The 9th Circuit Court of Appeals, a federal appellate court located in San Fransico, California, and having jurisdiction over several western states, has upheld the Pledge of Allegiance’s “under God” phrase. This is the federal court of last resort for the entire 9th Circuit (local readers here in Houston are under the jurisdiction of the federal 5th Circuit Court of Appeals located in New Orleans).
Interestingly, the original pledge as written in 1892 did not contain the phrase “under God.” It was added in 1954 after then-president Eisenhower’s publicly saying he supported it in response to the threat of communism.
When first penned, however, its author socialist minister Francis Bellamy (1855-1931) intended for it to be used in any country.
In its original form it read:
“I pledge allegiance to my Flag and the Republic for which it stands, one nation, indivisible, with liberty and justice for all.”
The version that we know today, and the one receiving the attention of the 9th Circuit, reads:
I pledge allegiance to the flag of the United States of America and to the republic for which it stands, one nation under God, indivisible, with liberty and justice for all.
Indeed, the Houston Legal Issues Examiner remembers reciting this every morning in elementary school, and now both my young daughters know the words by heart.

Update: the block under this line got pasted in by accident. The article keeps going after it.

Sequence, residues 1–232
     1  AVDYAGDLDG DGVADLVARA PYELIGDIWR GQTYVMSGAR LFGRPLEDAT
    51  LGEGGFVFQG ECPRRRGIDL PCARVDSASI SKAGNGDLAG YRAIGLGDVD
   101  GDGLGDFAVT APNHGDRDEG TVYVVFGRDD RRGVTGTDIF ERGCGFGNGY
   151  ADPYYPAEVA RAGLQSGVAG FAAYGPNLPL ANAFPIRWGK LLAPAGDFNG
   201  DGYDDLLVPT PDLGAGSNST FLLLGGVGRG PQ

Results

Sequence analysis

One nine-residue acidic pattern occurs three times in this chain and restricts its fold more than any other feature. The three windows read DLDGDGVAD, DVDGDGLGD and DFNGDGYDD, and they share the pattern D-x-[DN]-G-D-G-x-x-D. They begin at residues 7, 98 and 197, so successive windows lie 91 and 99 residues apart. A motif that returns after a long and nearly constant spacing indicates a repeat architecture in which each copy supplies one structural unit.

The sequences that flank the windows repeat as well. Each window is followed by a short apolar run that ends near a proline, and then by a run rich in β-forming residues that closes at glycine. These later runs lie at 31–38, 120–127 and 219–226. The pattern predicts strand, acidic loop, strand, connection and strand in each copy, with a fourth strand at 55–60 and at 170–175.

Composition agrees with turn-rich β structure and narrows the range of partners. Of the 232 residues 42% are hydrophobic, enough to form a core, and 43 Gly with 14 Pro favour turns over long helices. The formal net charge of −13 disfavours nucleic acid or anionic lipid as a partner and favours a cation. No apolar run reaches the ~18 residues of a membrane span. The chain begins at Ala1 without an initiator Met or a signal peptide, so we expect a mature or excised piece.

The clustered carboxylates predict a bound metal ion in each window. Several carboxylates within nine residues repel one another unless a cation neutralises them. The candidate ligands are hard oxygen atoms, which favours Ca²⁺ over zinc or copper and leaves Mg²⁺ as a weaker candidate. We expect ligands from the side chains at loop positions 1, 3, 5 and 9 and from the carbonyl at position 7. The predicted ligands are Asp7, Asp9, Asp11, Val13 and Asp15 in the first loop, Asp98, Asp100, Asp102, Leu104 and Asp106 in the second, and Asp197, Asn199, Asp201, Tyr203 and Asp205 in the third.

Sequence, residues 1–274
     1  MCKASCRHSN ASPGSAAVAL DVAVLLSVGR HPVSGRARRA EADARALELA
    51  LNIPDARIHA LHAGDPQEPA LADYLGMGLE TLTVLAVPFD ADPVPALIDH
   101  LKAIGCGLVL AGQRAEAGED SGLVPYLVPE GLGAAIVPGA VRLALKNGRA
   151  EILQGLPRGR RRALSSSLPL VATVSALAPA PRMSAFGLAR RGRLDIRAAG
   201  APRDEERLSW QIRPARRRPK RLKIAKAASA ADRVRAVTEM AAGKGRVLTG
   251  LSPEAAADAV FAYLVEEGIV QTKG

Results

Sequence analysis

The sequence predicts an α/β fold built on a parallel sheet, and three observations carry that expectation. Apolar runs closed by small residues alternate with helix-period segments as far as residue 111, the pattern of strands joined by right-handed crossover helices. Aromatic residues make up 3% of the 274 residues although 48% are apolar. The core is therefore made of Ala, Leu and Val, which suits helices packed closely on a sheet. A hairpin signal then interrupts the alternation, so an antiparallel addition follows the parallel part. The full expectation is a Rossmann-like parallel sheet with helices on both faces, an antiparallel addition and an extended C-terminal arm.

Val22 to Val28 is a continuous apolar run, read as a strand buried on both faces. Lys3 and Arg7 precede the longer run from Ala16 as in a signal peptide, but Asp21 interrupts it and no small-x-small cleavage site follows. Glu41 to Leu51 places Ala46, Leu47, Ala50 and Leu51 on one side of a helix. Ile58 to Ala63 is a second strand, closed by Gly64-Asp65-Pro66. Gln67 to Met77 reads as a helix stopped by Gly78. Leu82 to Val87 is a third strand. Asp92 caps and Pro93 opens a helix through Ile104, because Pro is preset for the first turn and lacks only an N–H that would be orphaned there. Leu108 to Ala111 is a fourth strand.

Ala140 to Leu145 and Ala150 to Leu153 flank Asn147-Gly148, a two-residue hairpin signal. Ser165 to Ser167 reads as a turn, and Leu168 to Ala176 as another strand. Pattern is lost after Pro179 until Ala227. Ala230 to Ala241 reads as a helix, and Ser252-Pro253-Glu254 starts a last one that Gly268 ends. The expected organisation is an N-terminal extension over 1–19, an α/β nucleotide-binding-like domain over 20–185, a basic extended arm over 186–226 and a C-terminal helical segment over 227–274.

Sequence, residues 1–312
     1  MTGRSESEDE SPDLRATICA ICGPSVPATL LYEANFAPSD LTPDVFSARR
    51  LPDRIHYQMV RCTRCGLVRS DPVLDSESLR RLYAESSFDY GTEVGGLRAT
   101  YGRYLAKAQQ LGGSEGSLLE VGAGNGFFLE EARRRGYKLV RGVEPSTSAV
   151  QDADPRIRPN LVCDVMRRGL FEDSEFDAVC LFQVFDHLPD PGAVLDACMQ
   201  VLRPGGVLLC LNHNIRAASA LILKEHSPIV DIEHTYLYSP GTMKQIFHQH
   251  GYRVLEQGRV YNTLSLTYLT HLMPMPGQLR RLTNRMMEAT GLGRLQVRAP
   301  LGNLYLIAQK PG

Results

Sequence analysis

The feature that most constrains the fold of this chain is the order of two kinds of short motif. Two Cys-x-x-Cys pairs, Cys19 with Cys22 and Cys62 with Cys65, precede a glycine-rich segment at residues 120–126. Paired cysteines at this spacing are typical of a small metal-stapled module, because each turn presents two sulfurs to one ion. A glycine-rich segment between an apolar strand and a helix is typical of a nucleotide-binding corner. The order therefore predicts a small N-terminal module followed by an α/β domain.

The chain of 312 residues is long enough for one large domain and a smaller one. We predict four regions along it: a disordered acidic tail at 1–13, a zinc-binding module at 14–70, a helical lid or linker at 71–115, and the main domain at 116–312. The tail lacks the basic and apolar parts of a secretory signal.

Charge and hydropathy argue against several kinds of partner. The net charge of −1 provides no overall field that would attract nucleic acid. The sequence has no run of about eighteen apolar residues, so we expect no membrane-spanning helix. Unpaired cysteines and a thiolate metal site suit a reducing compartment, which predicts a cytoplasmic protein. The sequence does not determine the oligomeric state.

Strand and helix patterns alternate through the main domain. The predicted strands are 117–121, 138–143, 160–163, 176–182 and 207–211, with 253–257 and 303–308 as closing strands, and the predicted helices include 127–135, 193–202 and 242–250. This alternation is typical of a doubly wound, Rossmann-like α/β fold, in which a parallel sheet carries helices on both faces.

The challenge to the words “under God” was brought by self-described atheist Michael Newdow on behalf of his daughter, alleging that the phrase violated the Establishment Clause of the United States’ Constitution. That particular clause, located in the First Amendment, has been interpreted to mean that the government is prohibited from passing legislation to establish any official religion, or from preferring one religion over another, or even from preferring non-religion over religion. The exact verbiage of the clause in question reads:
Congress shall make no law respecting an establishment of religion …
The 9th Circuit Court of Appeals today issued its opinion, penned by Judge Carlos Bea, that owing to its “ostensible and predominant purpose [which] was to inspire patriotism,” the “under God” phrase in the Pledge of Allegiance doesn’t violate the Establishment Clause. The Court reversed also an injunction banning students from reciting the Pledge of Allegiance in the district’s schools.
In a lone dissent, Judge Stephen Reinhardt wrote that the “under God” phrase has an “undeniably religious purpose.”
You can read the opinion filed today, March 11, 2010, in its entirety here.
Appeals from this court — the intermediary appellate level after the district (trial) courts — head to the United States Supreme Court.
For a more complete telling of the history of the Establish Clause, including decisions and “tests” issued by the US Supreme Court, go here.
What do you think of the 9th Circuit’s decision? Does the phrase “under God” in the Pledge of Allegiance violate the US Constitution’s Establishment Clause?
For more info:
9th Circuit Court of Appeals opinion
ABA Journal: 9th Circuit Upholds Pledge’s ‘Under God’ in Public Schools
Pledge of Allegiance words & history
United States’ Court of Appeals information
First Amendment at Cornell University’s Legal Information Institute
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